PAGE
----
When the original “Dallas” premiered on CBS in 1978, the economy was in a bad way. Unemployment was rising, as was inflation, a trend which continued on into the early 1980s, when the U.S. plunged into a deep recession. And yet the nighttime soap about a rich oil family was a fairly quick hit, the 99 percenters tuning in to watch an expensively made show about the expensively living Ewing family.
The timing could be right for “Dallas” to hit again. Rather than a mere redo attempting to resurrect a franchise largely by name only (see “Melrose Place," "Charlie's Angels,” et al), Warner Bros. (having acquired the rights when it bought Lorimar Productions) is presenting the show as a sequel. This means that the original characters aren't sidelined (see Brenda and Kelly in the "90210" redux); rather JR and Bobby Ewing are as in the action as their respective progeny, John Ross Jr. and Christopher. The central tropes of the original -- sibling rivalry, greed versus good, the importance of history -- remain, and spill smoothly into the next generation.
Luckily, the camp's there, too. We get JR, cackling sinisterly beneath crazy eyebrows and wearing a giant belt buckle emblazoned with his initials; lines like “light, sweet crude”; ever-full bourbon glasses; a glittery Cattle Barons Ball; women getting called “baby” and “darlin'" … heck, they even kept the wonderfully dated split-screen title sequence. Nighttime soaps have fallen on hard times in recent years, with the networks eschewing the big-budget serials for comparatively cheaper reality shows and sitcoms; for every “Smash” there are many more misses, our current (kurrent?) options tending toward the Kardashian. But “Dallas” looks expensive, as it should, and the momentum begun with the initial two episodes indicates a solid series, if only it's given a chance.
Of course the big get is Larry Hagman reprising his JR and Patrick Duffy returning as Bobby Ewing, those two jointly filling the patriarchal role occupied by their sometimes-good-sometimes-bad father Jock (the late Jim Davis). Josh Henderson is well cast as John Ross; he plays the son of the devil with straight-ahead zeal. Less successful is Jesse Metcalfe as Bobby's adopted son Christopher. Yes, his shoulders are broad (the shirt came off quickly, natch), but his acting is comparatively flat, as quiet as the electric Tesla his environmentally minded character drives.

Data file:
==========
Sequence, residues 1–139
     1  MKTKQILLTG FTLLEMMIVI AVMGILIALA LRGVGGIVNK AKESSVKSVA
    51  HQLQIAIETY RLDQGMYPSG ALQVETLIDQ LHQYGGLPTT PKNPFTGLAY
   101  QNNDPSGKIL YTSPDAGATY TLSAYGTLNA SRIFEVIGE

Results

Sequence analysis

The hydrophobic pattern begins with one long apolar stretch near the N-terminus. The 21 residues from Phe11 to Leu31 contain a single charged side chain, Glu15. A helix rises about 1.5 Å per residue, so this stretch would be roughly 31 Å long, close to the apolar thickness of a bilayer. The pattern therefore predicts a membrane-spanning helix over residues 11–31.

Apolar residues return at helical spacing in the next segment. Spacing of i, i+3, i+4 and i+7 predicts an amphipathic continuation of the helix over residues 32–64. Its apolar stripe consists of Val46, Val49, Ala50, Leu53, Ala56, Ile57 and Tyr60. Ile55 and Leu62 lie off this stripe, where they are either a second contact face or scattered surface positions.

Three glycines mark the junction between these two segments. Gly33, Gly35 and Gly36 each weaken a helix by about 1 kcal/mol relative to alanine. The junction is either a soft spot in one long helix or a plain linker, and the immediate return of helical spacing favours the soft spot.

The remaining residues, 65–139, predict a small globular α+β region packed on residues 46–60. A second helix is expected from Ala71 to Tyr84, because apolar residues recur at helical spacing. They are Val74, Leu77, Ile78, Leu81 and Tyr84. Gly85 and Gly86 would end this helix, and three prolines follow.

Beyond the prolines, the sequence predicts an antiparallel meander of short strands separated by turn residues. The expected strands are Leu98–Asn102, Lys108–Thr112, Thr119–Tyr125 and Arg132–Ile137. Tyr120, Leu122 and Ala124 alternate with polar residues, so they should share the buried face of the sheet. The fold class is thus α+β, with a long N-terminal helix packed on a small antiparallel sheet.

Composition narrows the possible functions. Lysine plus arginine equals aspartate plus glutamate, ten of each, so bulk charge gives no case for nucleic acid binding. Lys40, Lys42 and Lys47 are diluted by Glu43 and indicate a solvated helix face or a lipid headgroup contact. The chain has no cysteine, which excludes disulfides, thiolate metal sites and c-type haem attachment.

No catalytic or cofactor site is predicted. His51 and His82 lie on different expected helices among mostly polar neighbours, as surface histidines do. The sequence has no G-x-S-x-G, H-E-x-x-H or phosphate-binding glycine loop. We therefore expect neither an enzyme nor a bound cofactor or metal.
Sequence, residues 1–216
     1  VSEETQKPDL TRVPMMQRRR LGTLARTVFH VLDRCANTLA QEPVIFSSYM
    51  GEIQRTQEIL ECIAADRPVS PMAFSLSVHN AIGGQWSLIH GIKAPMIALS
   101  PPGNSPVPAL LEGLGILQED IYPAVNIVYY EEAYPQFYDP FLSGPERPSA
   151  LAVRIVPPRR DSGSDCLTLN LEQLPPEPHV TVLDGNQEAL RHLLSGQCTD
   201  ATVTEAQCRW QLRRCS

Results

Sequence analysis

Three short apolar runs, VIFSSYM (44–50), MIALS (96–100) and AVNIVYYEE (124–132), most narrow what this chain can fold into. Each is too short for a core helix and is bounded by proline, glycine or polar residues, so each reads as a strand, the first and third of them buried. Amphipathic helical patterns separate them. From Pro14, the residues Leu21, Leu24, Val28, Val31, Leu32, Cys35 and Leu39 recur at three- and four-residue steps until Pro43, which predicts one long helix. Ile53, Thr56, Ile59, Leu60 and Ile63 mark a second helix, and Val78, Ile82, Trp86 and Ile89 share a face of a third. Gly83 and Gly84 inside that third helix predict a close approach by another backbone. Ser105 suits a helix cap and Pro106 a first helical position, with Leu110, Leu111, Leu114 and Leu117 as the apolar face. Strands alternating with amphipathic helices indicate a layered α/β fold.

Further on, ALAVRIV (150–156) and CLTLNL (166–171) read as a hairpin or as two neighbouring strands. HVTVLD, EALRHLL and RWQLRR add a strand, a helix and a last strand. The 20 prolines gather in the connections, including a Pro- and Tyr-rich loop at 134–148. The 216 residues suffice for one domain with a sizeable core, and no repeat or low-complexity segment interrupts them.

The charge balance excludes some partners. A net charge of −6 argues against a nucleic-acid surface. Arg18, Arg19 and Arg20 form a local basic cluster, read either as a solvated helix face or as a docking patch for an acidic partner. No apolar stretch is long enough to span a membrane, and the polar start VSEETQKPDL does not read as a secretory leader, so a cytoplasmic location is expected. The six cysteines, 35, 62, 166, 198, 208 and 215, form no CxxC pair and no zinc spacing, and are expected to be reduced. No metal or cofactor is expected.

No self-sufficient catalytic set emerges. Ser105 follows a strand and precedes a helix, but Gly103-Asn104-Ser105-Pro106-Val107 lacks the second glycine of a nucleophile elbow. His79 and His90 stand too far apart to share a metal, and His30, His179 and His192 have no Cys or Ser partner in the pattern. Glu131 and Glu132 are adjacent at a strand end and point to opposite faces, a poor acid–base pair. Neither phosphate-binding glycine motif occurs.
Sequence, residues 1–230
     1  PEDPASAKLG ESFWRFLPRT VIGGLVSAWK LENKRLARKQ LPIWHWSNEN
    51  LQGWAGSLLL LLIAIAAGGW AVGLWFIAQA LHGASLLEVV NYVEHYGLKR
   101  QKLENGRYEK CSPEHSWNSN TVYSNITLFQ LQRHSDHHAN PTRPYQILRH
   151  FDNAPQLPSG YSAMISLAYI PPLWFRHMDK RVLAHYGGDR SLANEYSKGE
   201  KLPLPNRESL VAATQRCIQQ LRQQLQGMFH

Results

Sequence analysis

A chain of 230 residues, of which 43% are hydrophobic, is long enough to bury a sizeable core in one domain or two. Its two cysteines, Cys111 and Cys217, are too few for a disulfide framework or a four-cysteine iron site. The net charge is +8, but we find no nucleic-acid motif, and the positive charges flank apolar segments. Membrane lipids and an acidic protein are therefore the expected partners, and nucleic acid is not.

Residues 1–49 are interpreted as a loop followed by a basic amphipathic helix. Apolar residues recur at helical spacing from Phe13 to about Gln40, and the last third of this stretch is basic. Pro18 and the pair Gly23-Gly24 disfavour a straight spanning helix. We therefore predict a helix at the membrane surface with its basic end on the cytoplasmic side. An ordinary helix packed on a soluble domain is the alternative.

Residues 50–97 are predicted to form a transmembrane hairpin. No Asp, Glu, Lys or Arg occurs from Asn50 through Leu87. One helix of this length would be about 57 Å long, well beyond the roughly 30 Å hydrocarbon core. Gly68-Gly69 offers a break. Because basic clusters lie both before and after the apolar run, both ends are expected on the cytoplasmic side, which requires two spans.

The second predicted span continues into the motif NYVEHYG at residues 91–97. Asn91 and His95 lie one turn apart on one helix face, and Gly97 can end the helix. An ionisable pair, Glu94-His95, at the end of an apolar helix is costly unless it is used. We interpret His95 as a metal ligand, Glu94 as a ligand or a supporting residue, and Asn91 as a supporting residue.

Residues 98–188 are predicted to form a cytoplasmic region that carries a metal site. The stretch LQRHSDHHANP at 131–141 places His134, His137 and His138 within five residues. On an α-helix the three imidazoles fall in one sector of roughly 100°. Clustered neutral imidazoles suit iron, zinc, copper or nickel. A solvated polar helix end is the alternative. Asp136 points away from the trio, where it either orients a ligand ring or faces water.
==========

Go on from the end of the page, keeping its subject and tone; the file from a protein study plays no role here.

The ghost of Miss Ellie (the sparkly Barbara Bel Geddes) looms large, her name evoked as the fight for Southfork Ranch's purity continues. As for the rest of the women in the cast, only a delicate framework has been laid. Linda Gray fans (present) will be happy with Sue Ellen Ewing's prospects -- "when you gonna run for governor?” a grammatically challenged Texan shouts to her as she speaks at the ball -- which include going into the oil business with Jordana Brewster's Elena. The women were always sassy -- if a bit sauced -- on the original, so we expect more of the same.
In the end, “Dallas” doesn't hit oil with every strike, and the overly dramatic score, non-character of Ann Ewing (Bobby's third wife, played by Brenda Strong) and limp plotline of Bobby's cancer aren't exactly inspired. One wonders, too, if the lifestyles of rich Texans will resonate. (Too bad for TNT Rick Perry is but a blip on the national radar.) It certainly has potential for cultural commentary, though, with sweeping shots of the lush ranch serving as a backdrop to the poignant juxtaposition of the blue Bobby with the red JR.
As Bobby (who supports Christopher's pursuit of Ewing Alternative Energy) shuts down the oil drilling on Southfork, he assuages the workers, “I know times are tough out there … I'm sorry about your jobs.” Meanwhile, JR, awakening from a clinical depression that had him more or less catatonic, muses, “Bobby always was a fool.” Sounds like a decent starting place for “Dallas” 2012, no?